Central Valley Barber College at 3501 Atchison St., Riverbank, has been renovated and to celebrate they are having a Grand Opening on June 26 from 12 p.m. to 5 p.m.
Owners, Rhonda Arnold and Carl Gibbs have taken the family business to the next level with their new shop.
The extensive remodel took about two years and the original shop was removed, which allowed room for a parking lot. Classes and cuts continued for the most part as the building was demolished during a school break and when they resumed the students attended classes in the new building.
They are continuously enrolling students as classes begin on the first Monday of each month.
“We are always enrolling people,” said Gibbs. “We are full all the time; as you can tell we are pretty busy in here. As many people are graduating that is how many people, we are bringing in each month. We just got accredited.”
They are California State approved to teach the “Art of Barbering” and have been working on getting financial aid options for their students. They are now able to accept the GI Bill so veteran students can pay for their schooling and tools.
Arnold went to barber school directly after high school and has been barbering for over 40 years.
Gibbs is her son and he has a BA in Business Administration and over 10 years in the Beauty and Barber industry.
The original shop on Atchison was opened in 2014 by Dave White who has been in the barbering business for over 60 years. He is Arnold’s dad and the grandfather of Gibbs. Years ago, White and his wife, Janice had 30 shops at one time across the country including Montana, Idaho, Washington, Oregon and Hawaii.
When the economy crashed in 2008, they began closing their shops, noted Arnold which led her dad to the idea of opening a barber school. At first, she was not on board to teach but after researching the options for barber colleges in the area, she agreed to open the college with her dad.
It took them two years to get approved and then they were able to open the school in 2014.
“All our graduates love it (the school),” stated Arnold. “All the barber shops that they work in they see the quality of work they do. We get them barber shop ready. We teach them very traditional barbering. All the customer service. We do hot towels. We do hot lather shaves. We use a razor. We don’t cut corners.”
Although they teach traditional barbering Arnold added that they also watch You Tube and research the new styles.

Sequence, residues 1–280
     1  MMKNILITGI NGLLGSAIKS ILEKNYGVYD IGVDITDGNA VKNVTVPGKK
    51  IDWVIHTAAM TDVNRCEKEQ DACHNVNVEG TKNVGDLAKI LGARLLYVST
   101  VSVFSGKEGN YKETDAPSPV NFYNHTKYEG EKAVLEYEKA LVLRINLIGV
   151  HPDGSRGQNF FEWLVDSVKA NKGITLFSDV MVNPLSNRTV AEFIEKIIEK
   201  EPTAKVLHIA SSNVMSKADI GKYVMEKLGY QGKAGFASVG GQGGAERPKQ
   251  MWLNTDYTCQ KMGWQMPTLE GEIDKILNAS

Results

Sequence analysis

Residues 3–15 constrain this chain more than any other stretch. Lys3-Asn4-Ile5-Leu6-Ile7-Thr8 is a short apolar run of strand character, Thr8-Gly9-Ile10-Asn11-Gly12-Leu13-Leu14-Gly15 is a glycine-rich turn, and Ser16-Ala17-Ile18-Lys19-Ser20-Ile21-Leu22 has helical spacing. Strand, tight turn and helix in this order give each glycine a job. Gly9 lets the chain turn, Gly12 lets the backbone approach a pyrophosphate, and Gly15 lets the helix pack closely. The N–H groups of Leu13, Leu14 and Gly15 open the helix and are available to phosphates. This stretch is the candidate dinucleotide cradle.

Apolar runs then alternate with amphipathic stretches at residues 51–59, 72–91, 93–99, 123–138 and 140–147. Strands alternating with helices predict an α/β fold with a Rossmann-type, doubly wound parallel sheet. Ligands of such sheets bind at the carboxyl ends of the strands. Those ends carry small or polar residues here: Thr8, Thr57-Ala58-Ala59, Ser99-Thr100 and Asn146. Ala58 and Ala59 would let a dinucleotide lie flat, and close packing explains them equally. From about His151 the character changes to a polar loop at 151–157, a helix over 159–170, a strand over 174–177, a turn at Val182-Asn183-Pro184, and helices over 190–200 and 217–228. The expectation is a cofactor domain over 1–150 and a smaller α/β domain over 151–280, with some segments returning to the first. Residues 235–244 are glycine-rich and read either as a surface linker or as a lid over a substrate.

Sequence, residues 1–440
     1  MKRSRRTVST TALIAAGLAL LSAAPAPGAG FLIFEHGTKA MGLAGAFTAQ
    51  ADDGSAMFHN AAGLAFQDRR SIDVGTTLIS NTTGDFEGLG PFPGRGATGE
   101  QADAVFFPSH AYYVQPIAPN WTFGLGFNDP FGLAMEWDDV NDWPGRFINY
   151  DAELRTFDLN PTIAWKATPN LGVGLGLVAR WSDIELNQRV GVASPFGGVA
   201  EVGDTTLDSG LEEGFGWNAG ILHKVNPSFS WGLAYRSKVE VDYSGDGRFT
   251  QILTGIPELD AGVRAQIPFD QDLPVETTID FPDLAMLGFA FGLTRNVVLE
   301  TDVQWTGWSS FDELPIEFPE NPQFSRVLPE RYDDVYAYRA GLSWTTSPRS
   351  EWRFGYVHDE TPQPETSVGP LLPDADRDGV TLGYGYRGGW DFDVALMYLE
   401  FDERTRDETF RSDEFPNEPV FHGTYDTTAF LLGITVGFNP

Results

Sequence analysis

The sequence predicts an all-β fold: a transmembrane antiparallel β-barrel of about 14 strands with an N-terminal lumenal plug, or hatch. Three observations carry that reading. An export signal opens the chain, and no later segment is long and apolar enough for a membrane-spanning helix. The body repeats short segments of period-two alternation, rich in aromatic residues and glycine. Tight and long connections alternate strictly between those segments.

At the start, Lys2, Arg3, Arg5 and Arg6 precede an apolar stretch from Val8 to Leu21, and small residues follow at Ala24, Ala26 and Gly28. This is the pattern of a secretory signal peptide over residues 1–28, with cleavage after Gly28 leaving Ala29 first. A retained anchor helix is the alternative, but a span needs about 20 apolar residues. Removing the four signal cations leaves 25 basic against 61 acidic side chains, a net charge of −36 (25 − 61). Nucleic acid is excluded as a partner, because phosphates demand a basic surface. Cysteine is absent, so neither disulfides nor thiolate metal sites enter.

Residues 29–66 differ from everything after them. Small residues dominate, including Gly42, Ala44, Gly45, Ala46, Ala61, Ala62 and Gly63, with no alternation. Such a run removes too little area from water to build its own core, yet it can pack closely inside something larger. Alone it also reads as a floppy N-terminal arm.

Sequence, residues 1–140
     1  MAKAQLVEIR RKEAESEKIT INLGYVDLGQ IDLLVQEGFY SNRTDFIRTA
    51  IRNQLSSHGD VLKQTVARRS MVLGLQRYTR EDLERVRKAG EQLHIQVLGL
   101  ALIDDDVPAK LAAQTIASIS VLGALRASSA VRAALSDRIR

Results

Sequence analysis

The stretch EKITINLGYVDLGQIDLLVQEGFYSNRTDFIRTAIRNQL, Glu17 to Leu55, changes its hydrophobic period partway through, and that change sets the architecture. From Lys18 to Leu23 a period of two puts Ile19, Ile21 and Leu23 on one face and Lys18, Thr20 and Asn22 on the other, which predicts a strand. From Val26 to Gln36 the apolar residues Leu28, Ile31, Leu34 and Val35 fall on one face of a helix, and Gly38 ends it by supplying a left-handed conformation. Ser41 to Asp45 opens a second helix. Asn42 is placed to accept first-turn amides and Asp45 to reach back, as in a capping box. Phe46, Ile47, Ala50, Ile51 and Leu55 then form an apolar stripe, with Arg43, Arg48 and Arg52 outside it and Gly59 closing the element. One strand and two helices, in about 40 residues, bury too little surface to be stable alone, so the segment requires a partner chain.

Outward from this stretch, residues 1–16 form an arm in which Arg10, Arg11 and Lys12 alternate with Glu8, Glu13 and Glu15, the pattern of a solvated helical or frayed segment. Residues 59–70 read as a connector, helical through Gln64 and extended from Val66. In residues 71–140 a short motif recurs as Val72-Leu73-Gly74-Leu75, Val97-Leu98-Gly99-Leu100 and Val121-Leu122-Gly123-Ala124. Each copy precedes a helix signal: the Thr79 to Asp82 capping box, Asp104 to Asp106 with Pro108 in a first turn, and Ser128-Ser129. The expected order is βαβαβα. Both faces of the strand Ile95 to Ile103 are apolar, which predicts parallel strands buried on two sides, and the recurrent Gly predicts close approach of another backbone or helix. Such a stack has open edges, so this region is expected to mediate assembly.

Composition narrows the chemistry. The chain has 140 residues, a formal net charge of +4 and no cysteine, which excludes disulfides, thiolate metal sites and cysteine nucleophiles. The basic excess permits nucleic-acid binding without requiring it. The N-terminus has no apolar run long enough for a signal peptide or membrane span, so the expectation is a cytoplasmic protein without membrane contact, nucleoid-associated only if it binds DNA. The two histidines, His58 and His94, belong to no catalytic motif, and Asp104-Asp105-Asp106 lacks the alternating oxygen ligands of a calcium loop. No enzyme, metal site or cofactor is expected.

She added, “They do amazing work. If you see some of their haircuts, they do beautiful work. We get them ready.”
In 2018 Gibbs joined the business and has partnered with Arnold to run the college. White still frequents the school and oversees operations along with sharing barber stories with the students.
“He loves to be here and watch everything and talk to the students and tell them his old barber stories,” noted Gibbs. “It is cool to see. It is really fun for him.”
The new location is much bigger than the original building and has allowed them to have a classroom, a mannequin area and 34 stations to work on customers. They no longer have the wait times that they used to have for customers to get services. Haircuts are $5 and for $10, customers can get a haircut and a shave.
Gibbs said, “People can come in and get right into a chair. So that has been really nice for customers too.”
Instructors walk around and assist the students with all types of haircuts and services. According to Gibbs, at other schools they may do 50 to 80 cuts their entire session and at their school the minimum is 250 haircuts and their students go way over that.
“It is all hands on,” explained Arnold. “That is how they get their experience. Other schools they don’t get as many customers. That is one of our big selling points.”
This January the state changed the hours from 1500 to 1000 hours as a requirement to obtain their license. Arnold and Gibbs were not fond of this new change and made attempts to fight it to at least 1200 hours but that is what the state requires now.
Their students come from all over and a few have moved from out of state to attend the Central Valley Barber College. They have several regulars and new customers that have come from Modesto, Oakdale, and Escalon for haircuts.
“You go to the salon to get a certain type of service and you go to a barber shop to get a certain kind of service,” expressed Gibbs. “We make it an experience. We try to instill that in them here. That is why people keep coming back to our barber shop; for the whole experience.”